Proud Maureen was the cornerstone of her family

By Hayden Moore

MAUREEN Sheridan has been remembered as the “cornerstone of her family” following her death, mere weeks after celebrating turning 100 and getting the Covid-19 vaccine.

A resident in TLC Centre in Citywest, Maureen was an “immensely strong woman” who after contracting Covid-19 in May of last year, beat it in time for her milestone birthday.

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Maureen Sheridan

But sadly, days after getting her first dose of the Pfizer/BioNTech vaccine, Maureen passed away.

“Maureen was after turning 100, she was grand on her birthday and two days later she got the Covid vaccine,” said Martin Salmon, Maureen’s son-in-law who lives in Tallaght.

“She didn’t get Covid-19 but she deteriorated rapidly in the days after getting the vaccine, she seriously went downhill and died from pneumonia a few days later.

“It’s particularly hard for my wife Noeleen and my daughter Lisa because they were very close with Maureen, they were like the holy trinity.

“I was with her on the Tuesday and I knew she was very bad.

“Noeleen had barely seen her because she has a few conditions and she has to be careful, but I was organising for her to go up and see Maureen the next day because we knew she didn’t have long.

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Maureen featured in The Echo last month celebrating her 100th birthday

“We didn’t get that chance unfortunately.”

Maureen died in the early hours of Wednesday, February 3 of complications from pneumonia.

Due to government advice regarding public gatherings, a small family funeral was held last Saturday in St Thomas the Apostle Church in Jobstown before she was laid to rest in Glasnevin Cemetery – in the same plot as her late husband Joseph and daughter Patricia.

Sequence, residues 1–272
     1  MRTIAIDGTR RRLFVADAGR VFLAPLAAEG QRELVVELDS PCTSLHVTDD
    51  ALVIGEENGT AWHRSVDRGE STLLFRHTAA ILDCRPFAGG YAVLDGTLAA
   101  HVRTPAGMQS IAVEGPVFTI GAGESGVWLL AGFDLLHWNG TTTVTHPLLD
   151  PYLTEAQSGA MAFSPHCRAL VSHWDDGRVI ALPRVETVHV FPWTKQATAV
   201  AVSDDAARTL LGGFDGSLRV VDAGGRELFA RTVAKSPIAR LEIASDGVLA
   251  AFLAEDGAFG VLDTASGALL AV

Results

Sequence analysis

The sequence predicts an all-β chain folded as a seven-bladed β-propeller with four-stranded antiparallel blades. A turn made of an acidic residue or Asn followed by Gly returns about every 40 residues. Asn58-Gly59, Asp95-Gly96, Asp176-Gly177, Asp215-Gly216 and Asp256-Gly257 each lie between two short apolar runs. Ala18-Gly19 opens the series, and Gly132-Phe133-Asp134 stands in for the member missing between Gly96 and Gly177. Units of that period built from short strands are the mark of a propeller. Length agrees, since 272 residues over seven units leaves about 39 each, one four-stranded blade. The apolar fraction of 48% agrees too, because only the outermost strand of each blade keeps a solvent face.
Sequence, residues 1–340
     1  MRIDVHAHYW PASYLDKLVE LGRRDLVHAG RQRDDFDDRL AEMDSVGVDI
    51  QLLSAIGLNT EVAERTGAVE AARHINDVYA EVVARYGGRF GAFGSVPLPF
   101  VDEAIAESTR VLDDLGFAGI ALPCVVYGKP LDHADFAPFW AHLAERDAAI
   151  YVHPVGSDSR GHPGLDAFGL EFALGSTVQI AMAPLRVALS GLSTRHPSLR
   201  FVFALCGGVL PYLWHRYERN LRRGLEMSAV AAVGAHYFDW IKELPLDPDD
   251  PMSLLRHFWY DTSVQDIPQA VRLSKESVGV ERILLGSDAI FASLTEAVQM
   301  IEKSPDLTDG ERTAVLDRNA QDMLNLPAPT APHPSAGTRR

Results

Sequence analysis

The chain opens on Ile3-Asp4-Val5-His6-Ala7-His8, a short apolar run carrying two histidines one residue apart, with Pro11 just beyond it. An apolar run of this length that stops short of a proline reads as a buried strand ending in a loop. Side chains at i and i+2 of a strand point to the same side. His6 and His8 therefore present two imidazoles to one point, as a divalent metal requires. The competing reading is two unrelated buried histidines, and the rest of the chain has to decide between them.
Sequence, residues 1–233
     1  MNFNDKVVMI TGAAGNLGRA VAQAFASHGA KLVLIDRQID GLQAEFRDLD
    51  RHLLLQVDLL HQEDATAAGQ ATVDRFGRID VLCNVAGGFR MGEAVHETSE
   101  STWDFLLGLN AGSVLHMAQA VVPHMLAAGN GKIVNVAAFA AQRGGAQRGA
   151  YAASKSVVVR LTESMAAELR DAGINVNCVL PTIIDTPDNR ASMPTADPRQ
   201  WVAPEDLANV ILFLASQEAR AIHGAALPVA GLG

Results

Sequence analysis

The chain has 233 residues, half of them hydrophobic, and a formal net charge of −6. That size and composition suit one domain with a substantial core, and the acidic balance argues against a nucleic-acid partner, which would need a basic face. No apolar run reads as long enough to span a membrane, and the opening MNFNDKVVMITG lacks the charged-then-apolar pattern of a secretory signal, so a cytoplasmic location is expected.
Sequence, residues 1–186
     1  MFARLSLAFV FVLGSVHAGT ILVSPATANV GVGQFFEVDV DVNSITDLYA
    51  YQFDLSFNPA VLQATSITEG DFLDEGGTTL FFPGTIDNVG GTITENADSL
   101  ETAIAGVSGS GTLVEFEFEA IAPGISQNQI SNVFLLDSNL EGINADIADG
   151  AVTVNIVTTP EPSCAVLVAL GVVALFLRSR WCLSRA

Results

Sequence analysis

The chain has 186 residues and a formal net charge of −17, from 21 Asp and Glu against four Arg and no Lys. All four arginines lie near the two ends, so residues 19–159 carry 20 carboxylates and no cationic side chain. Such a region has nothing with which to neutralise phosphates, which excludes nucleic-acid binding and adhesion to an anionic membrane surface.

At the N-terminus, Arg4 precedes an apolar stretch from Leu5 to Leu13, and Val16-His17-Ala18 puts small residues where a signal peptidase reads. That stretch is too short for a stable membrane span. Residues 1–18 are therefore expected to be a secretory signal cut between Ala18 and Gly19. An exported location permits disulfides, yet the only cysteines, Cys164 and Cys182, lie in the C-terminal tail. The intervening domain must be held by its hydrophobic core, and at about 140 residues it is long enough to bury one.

At her core, Maureen was a family woman and she undertook the role as head of the family after her own mother died.

“Maureen absolutely loved her family,” Martin tells The Echo.

“She had a lot of heartache in her life, burying her husband, daughter.

“Her mother was 69/70 when she died, she was the matriarch of the family and Maureen sort of took over as the matriarch then.

“She was the cornerstone of her family; she took care of everyone and was very generous – she’d even give you her last Rolo.

“She was just that sort of woman.”

The 100-year-old had a “mad sweet tooth”, often opting to munch on some chocolate or a slice of cake before dinner.

Martin remembers Maureen as a “very strong independent woman” who lived in her one-bedroom flat on Merrion Road up until five-years-ago – when she left for the TLC Centre.

Loving afternoon tea in Wynne’s Hotel and a tipple in Flanagans Bar and Restaurant on O’Connell Street with her friends, Maureen would also often embark on adventures around Ireland.

The Coolock native loved to dress in glamourous garb, prized herself on getting her hair done every week and dancing to Sonny Knowles-era music.

Maureen had two children, Noeleen and Patricia, who sadly passed-away at the age of 36, two grandchildren and four great-grandchildren.

Described as a “true Dub”, Maureen was the last surviving member of her family having outlived her three brothers and sister.

Her brothers Shay and Seán Gibbons were well accomplished in their respective fields, with the former scoring 108 goals in 115 games for St Patrick’s Athletic and representing Ireland while the latter played gaelic football for Dublin in the 1940s.

Patriotic in her nature, Maureen would watch “Ireland compete in any sport”, snooker and the Boys in Blue tog out in front of Hill 16 every week.

Throughout her life, Maureen worked with Smurfit Print and Dublin Airport as a cleaner before working as home help until she retired 30-years-ago.

Maureen leaves behind her daughter Noeleen, son-in-law Martin, grandchildren Lisa and Sean, sister-in-law, great grandchildren, nephews, nieces and will also be sorely missed by the staff in the TLC Centre, where she had resided for several years.

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